The Things They Carried Rhetorical Analysis
The Things They Carried Prompt: How do the symbols, imagery, and anecdotes in The Things They Carried help to contribute to the meaning of the text? The Things They Carried, written by Tim O’Brien, recounts the horrible experiences of soldiers at war in Vietnam. Throughout the novel, the author not only tells war stories, but tales about his own life, often referencing and dwelling on those who have made an impact on his life. He stresses the importance of these people and stories, often referring to them as “war stories” although many of these are not true.
They serve as an outlet for O’Brien, allowing him to let go of these horrible memories but also letting him keep the importance that they had on his life. These stories and messages are emphasized through the symbols displayed in the novel, the imagery used throughout, and the anecdotes that recount his memories. The symbols in The Things They Carried help to make the text more meaningful and further communicate the theme the novel displays. One of the symbols, the dead Vietnamese soldier, represents the horrors of war and what soldiers have to experience on the battlefield.
Although it was never completely clarified whether O’Brien did or did not kill the man, the guilt he relays through the text shows that he does not want to be in war, but it is expected of him to kill others since he is involved. He does so to prevent scorn from society upon his return. The author copes with the death of the Vietnamese soldier as he does with others throughout the novel; he fantasizes about what kind of person the soldier was, what he did before the war, and what he will do after.
He creates the soldier’s life in his mind, saying that “After his years at the university, the man I killed returned with his new wife to the village of My Khe, where he enlisted as a common rifleman with the 48th Vietcong Battalion” (O’Brien, 130). The man is a symbol of who the author hoped to be instead of who he was at war. The author himself was about to go to college, but was unable to do so in his life, so fabricated the soldier’s past to live out his dreams in a different manner.
Even though he did not know the man, he still feels and remembers the loss like the soldier had a significant impact on his life. O’Brien keeps those that have passed on alive in his memory, and this is one of the many continuous themes of the novel. The uses of imagery throughout the novel help to bring more meaning and importance to the theme the novel holds. In many of the important events in the novel, imagery is utilized to stress the significance of the event. When Kiowa dies in the novel, the use of imagery shows the importance of Kiowa to the entire troop, and how his death happened.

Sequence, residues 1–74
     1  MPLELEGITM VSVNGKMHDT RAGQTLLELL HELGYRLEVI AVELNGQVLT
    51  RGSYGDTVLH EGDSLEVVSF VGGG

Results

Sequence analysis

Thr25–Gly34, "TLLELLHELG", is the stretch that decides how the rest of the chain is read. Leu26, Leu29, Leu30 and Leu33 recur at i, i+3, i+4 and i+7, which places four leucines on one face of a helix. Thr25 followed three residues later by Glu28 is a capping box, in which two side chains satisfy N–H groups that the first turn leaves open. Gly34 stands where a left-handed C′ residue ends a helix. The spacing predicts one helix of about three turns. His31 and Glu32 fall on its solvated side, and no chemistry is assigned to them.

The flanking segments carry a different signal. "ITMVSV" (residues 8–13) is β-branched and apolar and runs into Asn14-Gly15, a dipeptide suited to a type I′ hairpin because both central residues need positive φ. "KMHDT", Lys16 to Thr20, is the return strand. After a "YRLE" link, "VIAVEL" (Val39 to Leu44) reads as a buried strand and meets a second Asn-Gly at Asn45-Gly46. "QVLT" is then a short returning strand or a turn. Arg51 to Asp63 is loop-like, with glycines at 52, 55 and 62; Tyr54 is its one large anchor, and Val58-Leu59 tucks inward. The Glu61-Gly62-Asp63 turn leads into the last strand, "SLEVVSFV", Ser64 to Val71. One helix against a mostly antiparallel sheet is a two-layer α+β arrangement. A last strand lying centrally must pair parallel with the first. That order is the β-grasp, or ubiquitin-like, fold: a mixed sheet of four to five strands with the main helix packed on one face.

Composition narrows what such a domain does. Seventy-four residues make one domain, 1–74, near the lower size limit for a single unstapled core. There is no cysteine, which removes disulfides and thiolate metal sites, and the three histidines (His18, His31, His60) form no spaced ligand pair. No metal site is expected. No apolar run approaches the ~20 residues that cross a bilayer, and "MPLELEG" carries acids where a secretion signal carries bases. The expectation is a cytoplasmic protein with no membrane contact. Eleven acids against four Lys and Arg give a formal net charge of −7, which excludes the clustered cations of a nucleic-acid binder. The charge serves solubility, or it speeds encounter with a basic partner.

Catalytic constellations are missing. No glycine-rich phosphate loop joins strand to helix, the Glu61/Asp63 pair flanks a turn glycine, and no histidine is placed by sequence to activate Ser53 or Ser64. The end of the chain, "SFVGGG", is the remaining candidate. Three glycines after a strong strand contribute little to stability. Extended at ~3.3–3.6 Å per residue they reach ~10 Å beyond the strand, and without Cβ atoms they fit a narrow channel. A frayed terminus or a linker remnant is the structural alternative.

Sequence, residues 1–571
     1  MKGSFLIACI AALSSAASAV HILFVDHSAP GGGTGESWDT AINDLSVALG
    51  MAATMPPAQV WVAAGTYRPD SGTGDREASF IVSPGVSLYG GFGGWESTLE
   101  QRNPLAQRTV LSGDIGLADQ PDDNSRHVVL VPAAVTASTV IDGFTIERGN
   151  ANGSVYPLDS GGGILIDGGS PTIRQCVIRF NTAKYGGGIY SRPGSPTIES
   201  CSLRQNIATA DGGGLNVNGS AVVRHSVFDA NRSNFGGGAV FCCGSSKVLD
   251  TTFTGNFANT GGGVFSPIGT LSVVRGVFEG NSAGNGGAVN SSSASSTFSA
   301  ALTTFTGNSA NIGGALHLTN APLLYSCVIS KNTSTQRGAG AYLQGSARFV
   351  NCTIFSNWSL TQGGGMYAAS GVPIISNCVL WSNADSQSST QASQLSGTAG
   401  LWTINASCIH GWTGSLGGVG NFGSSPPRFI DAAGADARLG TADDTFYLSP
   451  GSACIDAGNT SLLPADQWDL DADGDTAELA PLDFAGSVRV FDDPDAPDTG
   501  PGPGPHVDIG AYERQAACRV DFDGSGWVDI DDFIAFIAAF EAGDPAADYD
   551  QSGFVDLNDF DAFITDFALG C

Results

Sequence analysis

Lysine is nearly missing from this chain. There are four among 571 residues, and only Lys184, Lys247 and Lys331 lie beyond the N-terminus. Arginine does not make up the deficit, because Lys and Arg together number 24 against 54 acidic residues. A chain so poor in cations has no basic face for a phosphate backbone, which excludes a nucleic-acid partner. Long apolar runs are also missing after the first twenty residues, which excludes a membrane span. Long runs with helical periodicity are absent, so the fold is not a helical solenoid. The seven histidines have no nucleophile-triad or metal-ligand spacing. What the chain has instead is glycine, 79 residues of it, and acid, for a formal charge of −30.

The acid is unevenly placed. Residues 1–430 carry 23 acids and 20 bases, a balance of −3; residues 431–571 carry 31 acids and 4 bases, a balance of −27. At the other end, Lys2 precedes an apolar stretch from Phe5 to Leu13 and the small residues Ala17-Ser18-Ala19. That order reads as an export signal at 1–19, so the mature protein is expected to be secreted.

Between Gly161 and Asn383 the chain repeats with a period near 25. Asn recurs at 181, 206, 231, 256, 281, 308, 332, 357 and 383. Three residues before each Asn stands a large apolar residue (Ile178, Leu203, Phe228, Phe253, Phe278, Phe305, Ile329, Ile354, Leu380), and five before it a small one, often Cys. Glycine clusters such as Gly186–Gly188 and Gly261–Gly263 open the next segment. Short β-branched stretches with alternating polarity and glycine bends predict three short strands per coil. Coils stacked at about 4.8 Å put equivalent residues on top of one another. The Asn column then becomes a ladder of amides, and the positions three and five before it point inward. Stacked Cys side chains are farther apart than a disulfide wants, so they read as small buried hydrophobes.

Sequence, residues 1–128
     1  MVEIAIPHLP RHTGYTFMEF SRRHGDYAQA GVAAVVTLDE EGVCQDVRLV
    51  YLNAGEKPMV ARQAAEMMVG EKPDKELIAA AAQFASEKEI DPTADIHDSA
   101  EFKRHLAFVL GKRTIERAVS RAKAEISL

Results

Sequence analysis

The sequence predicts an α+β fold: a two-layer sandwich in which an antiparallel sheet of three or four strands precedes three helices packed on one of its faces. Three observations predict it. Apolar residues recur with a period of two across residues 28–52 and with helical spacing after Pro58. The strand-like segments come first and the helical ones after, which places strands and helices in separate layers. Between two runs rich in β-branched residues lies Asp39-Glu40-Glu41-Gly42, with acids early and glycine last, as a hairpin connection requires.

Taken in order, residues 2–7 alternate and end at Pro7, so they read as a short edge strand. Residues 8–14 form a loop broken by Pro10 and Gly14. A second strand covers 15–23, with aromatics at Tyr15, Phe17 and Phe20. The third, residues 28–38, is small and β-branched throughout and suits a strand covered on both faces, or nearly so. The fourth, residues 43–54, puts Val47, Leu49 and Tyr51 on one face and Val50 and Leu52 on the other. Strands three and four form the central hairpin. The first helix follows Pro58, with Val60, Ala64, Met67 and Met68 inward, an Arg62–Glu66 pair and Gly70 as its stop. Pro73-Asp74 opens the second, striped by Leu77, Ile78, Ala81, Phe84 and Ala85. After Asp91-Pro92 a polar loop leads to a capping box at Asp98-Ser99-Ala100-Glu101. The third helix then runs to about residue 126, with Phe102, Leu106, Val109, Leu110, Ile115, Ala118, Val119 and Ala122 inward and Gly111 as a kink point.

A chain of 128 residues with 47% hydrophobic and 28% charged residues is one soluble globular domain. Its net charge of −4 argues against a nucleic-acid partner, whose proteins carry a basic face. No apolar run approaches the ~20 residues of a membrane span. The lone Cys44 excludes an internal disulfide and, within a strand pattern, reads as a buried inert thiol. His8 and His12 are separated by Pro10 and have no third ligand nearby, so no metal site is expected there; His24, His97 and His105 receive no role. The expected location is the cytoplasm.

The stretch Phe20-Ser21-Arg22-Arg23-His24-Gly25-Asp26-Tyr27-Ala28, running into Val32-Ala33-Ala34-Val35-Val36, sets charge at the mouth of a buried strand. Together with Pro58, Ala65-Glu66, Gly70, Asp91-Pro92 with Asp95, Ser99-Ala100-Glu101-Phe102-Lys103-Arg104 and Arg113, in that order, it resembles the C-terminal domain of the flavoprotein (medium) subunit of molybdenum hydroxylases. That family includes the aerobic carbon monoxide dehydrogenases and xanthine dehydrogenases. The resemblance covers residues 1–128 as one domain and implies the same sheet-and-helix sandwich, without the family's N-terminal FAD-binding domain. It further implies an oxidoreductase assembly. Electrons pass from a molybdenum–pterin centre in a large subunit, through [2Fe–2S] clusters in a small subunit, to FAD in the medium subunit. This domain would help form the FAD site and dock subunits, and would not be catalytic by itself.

When describing his dead body, O’Brien includes the details that “A piece of his shoulder was missing; the arms and chest and face were cut up with shrapnel. He was covered with a bluish green mud” (O’Brien, 175). This description of Kiowa’s dead and decomposing body helps to bring the reader into the war itself, and what the author was feeling at this point in his life. Not only does this imagery convey to the reader the condition of the body, but it also communicates the reality of war and the effect it has on the people involved.
However, the author keeps Kiowa both alive through the text and in his memory, stating that a true war story is never completely true. This shows that although most of the novel is most likely fabricated and completely false, it still relates the general experience of the war and these experiences keep the war alive in the author’s memory. Many of the stories within The Things They Carried are short anecdotes, and they give examples of the war stories that O’Brien has both experienced and heard. These tales essentially make up the book, and thus are very important to the meaning of the novel.
The author often recounts his experiences with those who have passed on even though these stories seem to have no relevance to the text itself. For instance, he remembers his first experience with love and loss on meeting Linda when he was in elementary school. “When I write about her now, three decades later, it’s tempting to dismiss it as a crush, an infatuation of the childhood, but I know for a fact that what for each other was as deep and rich as love can ever get”(O’Brien, 228). This love he felt for Linda was true, and even similar to the love he felt for many of the men in his troop.
Even though O’Brien has not seen Linda or heard of her for three decades, she is immortalized within his memory, and as a result, he thinks about her often, as he does with other deceased characters in the book, such as Kurt Lemon and Kiowa. This memory of Linda shows that the book was not written only to recount his experience in the war, but to also remember those who have passed on through the text, and this shows that even when people die, they are never truly forgotten. The symbols, imagery, and anecdotes used throughout the text help to prove that no one single person is every truly gone from someone’s memory, and every memory has an mpact on one’s life. O’Brien uses symbolism to refer to the war at many points, and his memory of the man showed who he wished he was rather than what he really became. The symbolism used when describing Kiowa’s death shows the horror and reality of war, and well as the immortalization of people in the author’s memory. O’Brien’s anecdote involving Linda and his first experience with love shows this remembrance of the dead as well. This anecdote, along with others, brings more meaning to the story. These messages involved in the book help to bring more meaning and importance to the text, and help to leave an impact on the reader’s life.